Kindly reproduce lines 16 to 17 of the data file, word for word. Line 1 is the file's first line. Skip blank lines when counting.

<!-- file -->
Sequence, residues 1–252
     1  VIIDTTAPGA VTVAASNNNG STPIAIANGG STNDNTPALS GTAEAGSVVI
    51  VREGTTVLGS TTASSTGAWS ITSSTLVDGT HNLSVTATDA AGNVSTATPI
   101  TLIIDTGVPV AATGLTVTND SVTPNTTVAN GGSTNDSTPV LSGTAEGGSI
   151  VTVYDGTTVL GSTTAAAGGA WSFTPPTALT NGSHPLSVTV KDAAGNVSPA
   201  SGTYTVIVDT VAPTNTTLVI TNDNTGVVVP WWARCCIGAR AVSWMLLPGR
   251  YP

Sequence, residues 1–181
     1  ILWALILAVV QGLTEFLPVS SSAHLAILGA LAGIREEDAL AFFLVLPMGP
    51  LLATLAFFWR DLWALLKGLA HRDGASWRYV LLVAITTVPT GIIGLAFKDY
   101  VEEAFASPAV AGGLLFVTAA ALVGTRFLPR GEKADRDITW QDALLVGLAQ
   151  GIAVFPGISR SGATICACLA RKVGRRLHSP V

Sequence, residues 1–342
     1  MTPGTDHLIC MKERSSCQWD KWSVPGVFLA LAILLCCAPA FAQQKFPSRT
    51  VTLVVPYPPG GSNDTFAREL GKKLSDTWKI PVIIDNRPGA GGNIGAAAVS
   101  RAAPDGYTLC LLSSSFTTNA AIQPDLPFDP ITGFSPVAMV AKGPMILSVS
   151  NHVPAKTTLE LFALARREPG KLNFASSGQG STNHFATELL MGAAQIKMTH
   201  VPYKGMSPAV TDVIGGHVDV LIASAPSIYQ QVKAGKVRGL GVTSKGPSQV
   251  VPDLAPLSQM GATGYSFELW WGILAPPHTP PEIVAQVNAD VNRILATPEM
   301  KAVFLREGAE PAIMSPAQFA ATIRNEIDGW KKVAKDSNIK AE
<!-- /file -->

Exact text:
   101  RAAPDGYTLC LLSSSFTTNA AIQPDLPFDP ITGFSPVAMV AKGPMILSVS
   151  NHVPAKTTLE LFALARREPG KLNFASSGQG STNHFATELL MGAAQIKMTH